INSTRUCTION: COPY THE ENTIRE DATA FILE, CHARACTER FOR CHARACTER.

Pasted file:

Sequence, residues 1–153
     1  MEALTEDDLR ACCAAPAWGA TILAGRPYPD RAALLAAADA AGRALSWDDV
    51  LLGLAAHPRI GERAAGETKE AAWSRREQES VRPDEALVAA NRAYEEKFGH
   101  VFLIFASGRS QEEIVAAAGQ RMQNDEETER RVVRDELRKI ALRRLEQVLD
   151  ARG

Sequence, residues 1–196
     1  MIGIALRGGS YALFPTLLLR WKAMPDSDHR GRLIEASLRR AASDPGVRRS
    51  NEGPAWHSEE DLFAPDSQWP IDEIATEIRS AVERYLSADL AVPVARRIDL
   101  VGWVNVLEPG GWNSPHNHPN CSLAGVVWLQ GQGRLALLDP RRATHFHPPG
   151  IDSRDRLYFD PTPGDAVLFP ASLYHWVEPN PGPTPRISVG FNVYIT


Sequence, residues 1–153
     1  MEALTEDDLR ACCAAPAWGA TILAGRPYPD RAALLAAADA AGRALSWDDV
    51  LLGLAAHPRI GERAAGETKE AAWSRREQES VRPDEALVAA NRAYEEKFGH
   101  VFLIFASGRS QEEIVAAAGQ RMQNDEETER RVVRDELRKI ALRRLEQVLD
   151  ARG

Sequence, residues 1–196
     1  MIGIALRGGS YALFPTLLLR WKAMPDSDHR GRLIEASLRR AASDPGVRRS
    51  NEGPAWHSEE DLFAPDSQWP IDEIATEIRS AVERYLSADL AVPVARRIDL
   101  VGWVNVLEPG GWNSPHNHPN CSLAGVVWLQ GQGRLALLDP RRATHFHPPG
   151  IDSRDRLYFD PTPGDAVLFP ASLYHWVEPN PGPTPRISVG FNVYIT